Many who call themselves environmentalists are actually old fashioned, sentimental pagans rejigging their superstitions with the help of pseudo-science and the inanities of “New Age” fashions and fads. They even attempt their own calendar with regular festivals. For example, they inaugurated “Earth Day” back in 1970 and made eighteen terrifying predictions about the fate of the Earth, which they like to refer to as “the planet” – as if our home were somewhere alien.
1: Harvard biologist George Wald estimated that:
“Civilization will end within 15 or 30 years unless immediate action is taken against problems facing mankind.”
2: Barry Commoner, a biologist working at Washington University wrote in the journal ‘Environment’:
“We are in an environmental crisis which threatens the survival of this nation, and of the world as a suitable place of human habitation.”
3: Reporting on the first Earth Day, The New York Times printed an editorial warning:
“Man must stop pollution and conserve his resources, not merely to enhance existence but to save the race from intolerable deterioration and possible extinction.”
They wouldn’t get away with all that “man” and “his” stuff nowadays and would have to use the gender-neutral terms “humankind” and “their.” Apart from that syntactical modification, they are still talking the same old baloney.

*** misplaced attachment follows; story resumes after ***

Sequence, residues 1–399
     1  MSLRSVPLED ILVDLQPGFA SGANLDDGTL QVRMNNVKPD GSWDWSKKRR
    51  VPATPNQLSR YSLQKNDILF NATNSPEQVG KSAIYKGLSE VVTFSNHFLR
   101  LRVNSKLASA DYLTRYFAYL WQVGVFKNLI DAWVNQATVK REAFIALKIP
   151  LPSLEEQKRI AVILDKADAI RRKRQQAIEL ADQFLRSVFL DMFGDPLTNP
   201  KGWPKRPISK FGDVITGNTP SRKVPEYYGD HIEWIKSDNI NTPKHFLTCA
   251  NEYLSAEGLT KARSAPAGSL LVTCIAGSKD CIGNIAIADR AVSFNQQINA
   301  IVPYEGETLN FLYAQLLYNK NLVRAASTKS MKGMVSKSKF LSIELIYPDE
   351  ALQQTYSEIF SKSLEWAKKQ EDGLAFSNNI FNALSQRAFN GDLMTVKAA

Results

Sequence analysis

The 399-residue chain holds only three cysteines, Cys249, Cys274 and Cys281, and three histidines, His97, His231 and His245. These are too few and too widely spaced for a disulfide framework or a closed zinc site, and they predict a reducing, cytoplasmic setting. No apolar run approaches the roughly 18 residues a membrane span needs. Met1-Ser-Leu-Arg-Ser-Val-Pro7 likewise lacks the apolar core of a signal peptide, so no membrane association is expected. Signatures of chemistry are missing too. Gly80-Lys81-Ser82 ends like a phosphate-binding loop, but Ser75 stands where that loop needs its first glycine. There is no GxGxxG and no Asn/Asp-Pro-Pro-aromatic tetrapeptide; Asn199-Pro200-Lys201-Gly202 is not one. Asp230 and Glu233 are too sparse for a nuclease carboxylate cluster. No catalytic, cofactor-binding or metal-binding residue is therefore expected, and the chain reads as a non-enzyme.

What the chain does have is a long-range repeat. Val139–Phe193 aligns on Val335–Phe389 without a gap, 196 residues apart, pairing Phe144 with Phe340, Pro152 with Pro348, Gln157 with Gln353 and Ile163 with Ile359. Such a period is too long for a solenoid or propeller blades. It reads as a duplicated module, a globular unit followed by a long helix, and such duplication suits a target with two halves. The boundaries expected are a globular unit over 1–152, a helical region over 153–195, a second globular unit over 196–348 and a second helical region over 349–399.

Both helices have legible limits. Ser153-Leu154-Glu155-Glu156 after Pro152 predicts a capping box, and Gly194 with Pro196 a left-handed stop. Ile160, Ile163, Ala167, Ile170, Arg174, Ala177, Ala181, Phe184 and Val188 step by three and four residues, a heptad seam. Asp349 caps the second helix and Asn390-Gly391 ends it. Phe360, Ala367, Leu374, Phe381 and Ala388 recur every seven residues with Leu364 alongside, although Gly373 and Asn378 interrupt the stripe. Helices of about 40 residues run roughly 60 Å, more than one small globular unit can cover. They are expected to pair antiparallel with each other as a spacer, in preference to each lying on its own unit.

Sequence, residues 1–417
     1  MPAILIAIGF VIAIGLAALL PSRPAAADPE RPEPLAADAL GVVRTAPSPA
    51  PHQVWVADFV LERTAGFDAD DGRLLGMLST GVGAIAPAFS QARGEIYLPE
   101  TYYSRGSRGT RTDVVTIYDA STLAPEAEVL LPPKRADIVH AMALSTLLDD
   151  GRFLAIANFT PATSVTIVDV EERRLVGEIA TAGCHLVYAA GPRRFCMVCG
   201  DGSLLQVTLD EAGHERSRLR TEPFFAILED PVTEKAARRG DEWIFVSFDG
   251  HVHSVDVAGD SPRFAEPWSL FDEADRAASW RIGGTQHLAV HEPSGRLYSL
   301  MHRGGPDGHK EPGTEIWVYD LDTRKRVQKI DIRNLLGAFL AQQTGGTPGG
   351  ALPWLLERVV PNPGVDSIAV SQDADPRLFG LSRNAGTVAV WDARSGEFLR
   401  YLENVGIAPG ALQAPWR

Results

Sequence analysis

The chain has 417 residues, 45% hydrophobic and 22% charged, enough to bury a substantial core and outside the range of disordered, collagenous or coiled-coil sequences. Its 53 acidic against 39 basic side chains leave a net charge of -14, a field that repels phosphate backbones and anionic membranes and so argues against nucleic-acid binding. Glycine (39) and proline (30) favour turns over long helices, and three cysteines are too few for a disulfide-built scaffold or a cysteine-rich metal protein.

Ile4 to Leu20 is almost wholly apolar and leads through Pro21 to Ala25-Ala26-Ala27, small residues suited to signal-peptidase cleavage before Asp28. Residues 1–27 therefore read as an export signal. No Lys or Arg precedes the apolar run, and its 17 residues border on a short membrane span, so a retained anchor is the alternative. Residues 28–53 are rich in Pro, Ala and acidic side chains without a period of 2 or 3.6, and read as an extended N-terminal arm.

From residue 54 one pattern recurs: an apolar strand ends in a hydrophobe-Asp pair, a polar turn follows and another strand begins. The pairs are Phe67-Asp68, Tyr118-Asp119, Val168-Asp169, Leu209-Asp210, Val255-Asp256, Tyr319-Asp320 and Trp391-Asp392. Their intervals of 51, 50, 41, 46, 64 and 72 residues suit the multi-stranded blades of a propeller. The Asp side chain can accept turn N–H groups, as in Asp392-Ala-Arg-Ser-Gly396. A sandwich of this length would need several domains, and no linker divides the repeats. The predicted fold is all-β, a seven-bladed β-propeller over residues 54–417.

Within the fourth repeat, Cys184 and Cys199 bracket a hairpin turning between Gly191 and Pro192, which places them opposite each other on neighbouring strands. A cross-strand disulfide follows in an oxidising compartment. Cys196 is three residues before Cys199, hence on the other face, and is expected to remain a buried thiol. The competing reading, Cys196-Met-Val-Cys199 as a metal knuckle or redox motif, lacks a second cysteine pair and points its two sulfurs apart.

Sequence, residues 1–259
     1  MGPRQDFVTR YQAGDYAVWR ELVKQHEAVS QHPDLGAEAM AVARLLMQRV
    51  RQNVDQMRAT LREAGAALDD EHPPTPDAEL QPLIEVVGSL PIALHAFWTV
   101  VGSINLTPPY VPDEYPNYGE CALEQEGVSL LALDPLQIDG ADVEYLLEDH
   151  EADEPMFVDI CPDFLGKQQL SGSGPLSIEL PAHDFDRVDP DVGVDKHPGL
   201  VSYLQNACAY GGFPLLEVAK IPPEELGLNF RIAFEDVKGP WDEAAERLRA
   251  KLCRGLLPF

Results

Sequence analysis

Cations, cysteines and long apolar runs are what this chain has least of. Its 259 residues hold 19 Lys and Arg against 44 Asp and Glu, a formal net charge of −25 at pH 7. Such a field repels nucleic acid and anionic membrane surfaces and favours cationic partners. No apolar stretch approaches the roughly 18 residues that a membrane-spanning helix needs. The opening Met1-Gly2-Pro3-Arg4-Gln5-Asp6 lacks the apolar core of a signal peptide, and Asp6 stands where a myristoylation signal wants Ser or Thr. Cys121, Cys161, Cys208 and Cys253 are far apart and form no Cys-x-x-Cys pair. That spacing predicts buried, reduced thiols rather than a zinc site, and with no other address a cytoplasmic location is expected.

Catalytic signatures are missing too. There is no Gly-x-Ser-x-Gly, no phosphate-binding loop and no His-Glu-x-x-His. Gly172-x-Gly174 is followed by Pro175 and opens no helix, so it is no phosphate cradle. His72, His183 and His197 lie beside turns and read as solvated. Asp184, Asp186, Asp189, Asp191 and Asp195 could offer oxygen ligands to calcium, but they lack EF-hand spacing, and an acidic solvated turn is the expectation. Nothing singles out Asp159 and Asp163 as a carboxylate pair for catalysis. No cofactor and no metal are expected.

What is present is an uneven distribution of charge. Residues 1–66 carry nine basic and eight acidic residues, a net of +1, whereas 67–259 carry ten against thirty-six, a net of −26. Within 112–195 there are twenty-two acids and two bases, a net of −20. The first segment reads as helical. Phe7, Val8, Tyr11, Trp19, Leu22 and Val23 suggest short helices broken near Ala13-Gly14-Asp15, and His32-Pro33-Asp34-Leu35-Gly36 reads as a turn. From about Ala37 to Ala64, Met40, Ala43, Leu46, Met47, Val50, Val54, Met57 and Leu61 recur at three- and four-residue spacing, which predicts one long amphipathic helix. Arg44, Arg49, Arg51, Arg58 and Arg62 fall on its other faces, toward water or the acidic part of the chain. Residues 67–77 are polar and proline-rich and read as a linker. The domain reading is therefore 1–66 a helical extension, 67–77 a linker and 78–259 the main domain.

4: The incompetent biologist Paul Ehrlich wrote in the April 1970 edition of ‘Mademoiselle’
“Population will inevitably and completely outstrip whatever small increases in food supplies we make. The death rate will increase until at least 100-200 million people per year will be starving to death during the next ten years.”
Actually, food production has increased spectacularly and there are now many more obese than starving.
5: In his Jeremiad Catastrophe, Ehrlich added:
“Most of the people who are going to die in the greatest cataclysm in the history of man have already been born. By 1975 some experts feel that food shortages will have escalated the present level of world hunger and starvation into famines of unbelievable proportions. Other experts, more optimistic, think the ultimate food-population collision will not occur until the decade of the 1980s.”
Forty years on we are still here singing the old school song.
6: Ehrlich elaborated his direst scenario for the 1970 Earth Day issue of ‘The Progressive’, assuring readers that, between 1980 and 1989, some 4 billion people, including 65 million Americans, would perish in the “Great Die-Off.”
7: Denis Hayes, the chief organizer for Earth Day, in the Spring 1970 issue of ‘The Living Wilderness’, declared:
“It is already too late to avoid mass starvation,”
8: Peter Gunter, a North Texas State University professor, wrote in 1970:
“Demographers agree almost unanimously on the following grim timetable: by 1975 widespread famines will begin in India; these will spread by 1990 to include all of India, Pakistan, China and the Near East and Africa. By the year 2000, or conceivably sooner, South and Central America will exist under famine conditions. By the same year the entire world, with the exception of Western Europe, North America, and Australia, will be in famine.”
9: In January 1970, the magazine ‘Life’ reported:
“Scientists have solid experimental and theoretical evidence to support the following predictions: In a decade, urban dwellers will have to wear gas masks to survive air pollution, by 1985 air pollution will have reduced the amount of sunlight reaching earth by one half.”